tiger’s achilles heel…

Monday, March 12, 2012

The image of Tiger Woods limping off the golf course is a reminder that pro athletes who have access to the best care still can have their bodies fail in the middle of competition. Conceding to an opponent is humbling but admitting defeat to one’s own body is another story completely. As it turns out, Woods’ Achilles heel at the World Golf Championship was his Achilles tendon and it looks like his body has read the injury textbook.

The Achilles tendon attaches the two calf muscles, the gastrocnemius and soleus to the back of the heel or calcaneus. Those muscles not only are responsible for walking, by flexing the ankle and moving the mid foot, but they also span the knee joint and help flex the knee. The tendon is the longest and thickest in the body and is prone to injury. Experiments show that when running, forces greater than 10 times body weight can be measured within the tendon. It is not unexpected that tendon inflammation (tendinitis) can occur when activity increases dramatically or body mechanics are wrong. It doesn’t help that there is a design flaw in the tendon. Because there is marked decrease in the blood supply to the lower part of the tendon, just a couple inches above where it inserts into the heel, this area is prone to injury (it’s also known as the watershed area of the tendon).

The usual suspects for the cause of Achilles tendinitis include overuse and often a quick increase in the length and intensity of an activity, poor shoes and problems with anatomy. Tight muscles that are asked to quickly contract with movement put stress on the tendon as it tries to stretch from the muscle belly to the bony attachment. Sometimes the tendon is injured and sometimes it’s the muscle itself. A strain describes a tear in the fibers that make up a muscle or tendon and small tears may be the beginning of the inflammation response that progresses to Achilles tendinitis.

When the Achilles becomes inflamed and irritated, pain develops at the watershed area, and is usually worse first thing in the morning after a period of immobility. As the area warms up, the pain can get a little better but activities that require pushing off with the foot, like walking, running, or twisting with a golf swing, will cause significant increase in the pain. Even the most strong-willed athlete may not be able to overcome the body’s want for self-preservation and a limp will develop to protect the inflamed area. The Achilles tendon area is located just beneath the skin in the back of the ankle and the swelling can not only be easily felt but it can often be seen. X-rays tend not to be helpful and the diagnosis is often made by the patient before the first doctor’s visit.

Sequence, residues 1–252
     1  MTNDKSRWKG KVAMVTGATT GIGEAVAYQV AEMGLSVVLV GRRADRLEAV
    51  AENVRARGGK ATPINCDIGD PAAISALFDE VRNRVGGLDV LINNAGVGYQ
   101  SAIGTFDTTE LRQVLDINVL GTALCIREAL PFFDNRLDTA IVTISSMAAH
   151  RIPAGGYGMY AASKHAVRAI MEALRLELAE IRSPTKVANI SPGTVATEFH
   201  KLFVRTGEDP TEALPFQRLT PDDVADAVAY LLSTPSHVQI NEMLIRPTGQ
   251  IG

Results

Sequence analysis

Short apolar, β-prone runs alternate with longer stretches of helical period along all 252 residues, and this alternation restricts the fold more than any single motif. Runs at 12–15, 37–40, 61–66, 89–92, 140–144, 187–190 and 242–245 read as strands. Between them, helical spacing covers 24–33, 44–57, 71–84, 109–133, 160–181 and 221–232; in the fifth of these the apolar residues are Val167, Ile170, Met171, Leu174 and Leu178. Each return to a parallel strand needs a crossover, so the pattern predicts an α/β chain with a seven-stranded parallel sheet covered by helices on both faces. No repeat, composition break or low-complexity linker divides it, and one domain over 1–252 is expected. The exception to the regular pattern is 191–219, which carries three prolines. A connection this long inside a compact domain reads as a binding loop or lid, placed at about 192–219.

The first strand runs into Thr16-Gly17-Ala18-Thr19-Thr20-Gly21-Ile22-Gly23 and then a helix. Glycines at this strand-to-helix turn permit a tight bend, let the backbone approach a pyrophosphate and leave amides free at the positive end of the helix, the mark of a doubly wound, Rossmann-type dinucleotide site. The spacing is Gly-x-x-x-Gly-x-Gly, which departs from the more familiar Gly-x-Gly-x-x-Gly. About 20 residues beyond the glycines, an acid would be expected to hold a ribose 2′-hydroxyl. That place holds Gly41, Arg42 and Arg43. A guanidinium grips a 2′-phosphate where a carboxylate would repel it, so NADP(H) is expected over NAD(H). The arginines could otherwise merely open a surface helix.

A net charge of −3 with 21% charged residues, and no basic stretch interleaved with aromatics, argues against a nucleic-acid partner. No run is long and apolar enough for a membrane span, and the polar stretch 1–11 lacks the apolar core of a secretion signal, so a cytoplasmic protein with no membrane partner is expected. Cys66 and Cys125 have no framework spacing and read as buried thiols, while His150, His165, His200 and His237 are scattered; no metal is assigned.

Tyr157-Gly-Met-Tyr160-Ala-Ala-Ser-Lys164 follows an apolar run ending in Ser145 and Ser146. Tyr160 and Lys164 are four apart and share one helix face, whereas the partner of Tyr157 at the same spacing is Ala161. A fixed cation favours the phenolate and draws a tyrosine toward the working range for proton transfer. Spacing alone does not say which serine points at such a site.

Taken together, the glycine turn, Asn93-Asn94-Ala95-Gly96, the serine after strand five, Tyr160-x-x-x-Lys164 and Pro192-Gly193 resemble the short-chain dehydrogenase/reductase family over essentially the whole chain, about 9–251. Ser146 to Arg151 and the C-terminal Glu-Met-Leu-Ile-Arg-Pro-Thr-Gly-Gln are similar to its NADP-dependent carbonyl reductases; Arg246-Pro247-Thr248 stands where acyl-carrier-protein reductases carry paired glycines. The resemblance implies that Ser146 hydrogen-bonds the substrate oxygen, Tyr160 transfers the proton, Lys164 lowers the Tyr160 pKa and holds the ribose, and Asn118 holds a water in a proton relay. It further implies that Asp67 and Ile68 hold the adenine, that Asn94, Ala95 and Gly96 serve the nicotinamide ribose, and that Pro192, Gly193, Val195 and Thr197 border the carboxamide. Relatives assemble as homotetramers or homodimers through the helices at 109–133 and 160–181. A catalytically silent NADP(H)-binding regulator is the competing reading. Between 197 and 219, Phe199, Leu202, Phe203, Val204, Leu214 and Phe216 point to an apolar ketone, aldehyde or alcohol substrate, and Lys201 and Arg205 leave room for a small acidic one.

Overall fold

Achilles tendinitis has a good news/bad news prognosis. The good news is that basic treatment with ice, rest, ibuprofen and good shoe orthotics are helpful. Add gentle stretching, muscle strengthening exercises and physical therapy and the inflammation will resolve. The bad news is that it might take 3-6 months. Steroid injections tend not to work and have the risk of causing a tendon rupture. Platelet rich plasma injection therapy also does not seem to have a role. If the symptoms last more than six months, surgery is a potential option but recovery time is more than a year and 20-30% of patients have residual pain.

Mr. Woods’ Achilles woes and his recovery will be followed by his fans in the golf world, hoping that he can recover from this injury like he recovers from an errant drive that puts his ball in the rough. Miracle shots on the golf course have become part of his legend but unfortunately, his body follows the laws of physiology and healing cannot be rushed. Returning too early will potentially weaken the tendon to the point that it risks rupture and the certainty of surgery. As with many things in life, time invested early pays dividends long term.

On a related note, patients who have Achilles tendon inflammation are at risk for spontaneous tendon rupture if they are prescribed a common antibiotic in the floxin family (Cipro, Levaquin or Avelox).

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